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While millions of shoppers rush indoors to their favorite stores in search of holiday deals the day after Thanksgiving, REI is once again choosing to #OptOutside by closing all 153 of its co-op locations.

For the fourth year, the Seattle-based outdoor retailer will pay more than 12,000 employees to not have to deal with Black Friday and instead spend time with friends and family. The co-op will not be processing any online orders either. REI is encouraging millions of customers and hundreds of organizations to join the movement once again.

REI once again is giving employees Black Friday off and is encouraging customers to disengage from technology. (REI Image)

And this year, in a further nod to what it sees as the benefits of spending time outdoors, REI is pledging $1 million to the University of Washington, where a center for academic excellence called Nature for Health will be established within the school’s EarthLab. The goal is to deepen the understanding of how time outside impacts our health.

Ben Steele, the co-op’s executive VP and chief customer officer, discussed the original impetus for #OptOutside, when Black Friday seemed to be symbolizing consumerism running rampant. But the effort, and the social media hashtag, have taken on their own meaning now.

“We’re actually more interested in the gap between how we think about our lives and how they look in reality,” Steele said. “Technology can either enable or amplify the behaviors and outcomes that we want or distract us and become sort of its own its own focus or its own sort of time suck.”

Ben Steele, REI’s chief customer officer. (REI Photo)

Steele said REI’s hope is that people will take a breath and take a closer look at the choices they have made either intentionally or unintentionally.

“One of the amazing things that happened with #OptOutside is people have used that hashtag and that language to signal their best days, to share their best moments. And we love that. And that’s happened 10 million times alone on Instagram,” he said. “But I think in that same level, we’ve got to stop and say, ‘How much of our time are we spending looking down at those devices, looking down at those screens versus up at the world around us?'”

Rather than just proving to friends on social media that they’re in on REI’s idea-turned-movement, people are encouraged now to think beyond the choice of whether to shop or not on Black Friday.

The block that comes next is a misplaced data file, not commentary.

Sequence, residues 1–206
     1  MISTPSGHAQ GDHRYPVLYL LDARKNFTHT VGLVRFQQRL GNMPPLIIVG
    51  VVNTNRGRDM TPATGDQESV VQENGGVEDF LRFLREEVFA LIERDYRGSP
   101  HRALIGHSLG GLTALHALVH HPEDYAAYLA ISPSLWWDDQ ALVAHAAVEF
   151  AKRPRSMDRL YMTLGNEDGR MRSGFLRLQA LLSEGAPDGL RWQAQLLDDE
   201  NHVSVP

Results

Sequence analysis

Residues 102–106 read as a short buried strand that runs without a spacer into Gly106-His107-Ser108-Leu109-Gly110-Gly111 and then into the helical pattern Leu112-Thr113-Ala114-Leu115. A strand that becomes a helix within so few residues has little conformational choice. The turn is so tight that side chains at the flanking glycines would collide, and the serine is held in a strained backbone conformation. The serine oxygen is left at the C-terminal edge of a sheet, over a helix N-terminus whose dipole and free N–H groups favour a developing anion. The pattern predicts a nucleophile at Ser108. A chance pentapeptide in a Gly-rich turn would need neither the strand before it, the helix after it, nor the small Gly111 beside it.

“We want them to think about that choice in a slightly bigger way now and to say, ‘Am I using technology to inspire and take action or am I just sort of going down the rabbit hole that is the next instagram post, the next this, the next that?” Steele said. “I want them to use technology as an enabler. The mission and core of REI has always been to awaken and enable a lifelong love of the outdoors. That happens differently today than it happened 80 years ago, and a big part of that is technology, and I think we’d be naive to pretend that technology doesn’t exist or frankly to say that technology is the enemy.”

Take a hike! And avoid the crowds of Black Friday. (REI Photo)

At the UW, money from REI will help the university build on existing work and explore new ideas. According to a news release, that could include understanding “whether a dose of nature can be prescribed alongside traditional medicine to tackle issues such as anxiety and depression.”

“We know there is a link between time spent in nature and our health and well-being. We are working to close the knowledge gap so we fully understand the benefits,” said Joshua J. Lawler, head of Nature for Health and the Denman Professor of Sustainable Resource Sciences at the UW. “We’ll then work in close partnership with practitioners and decision-makers to use this information to do things like lower healthcare costs, design better schools and hospitals, and reduce disparities in health and well-being.”

While it may seem like REI is forfeiting easy money by closing on one of the biggest shopping days of the year — and still paying thousands of employees — the co-op wouldn’t be getting ready to do it for the fourth time if it wasn’t reaping some benefits.

“I can tell you that nothing but goodness has come from the energy around #OptOutside. That is good for our business, that is good for the health of the co-op,” Steele said. “We’ve got 17 million members, a million new members each year, massive growth in that membership base since that first year of #OptOutside. All that is good for the co-op and a thriving co-op community.”

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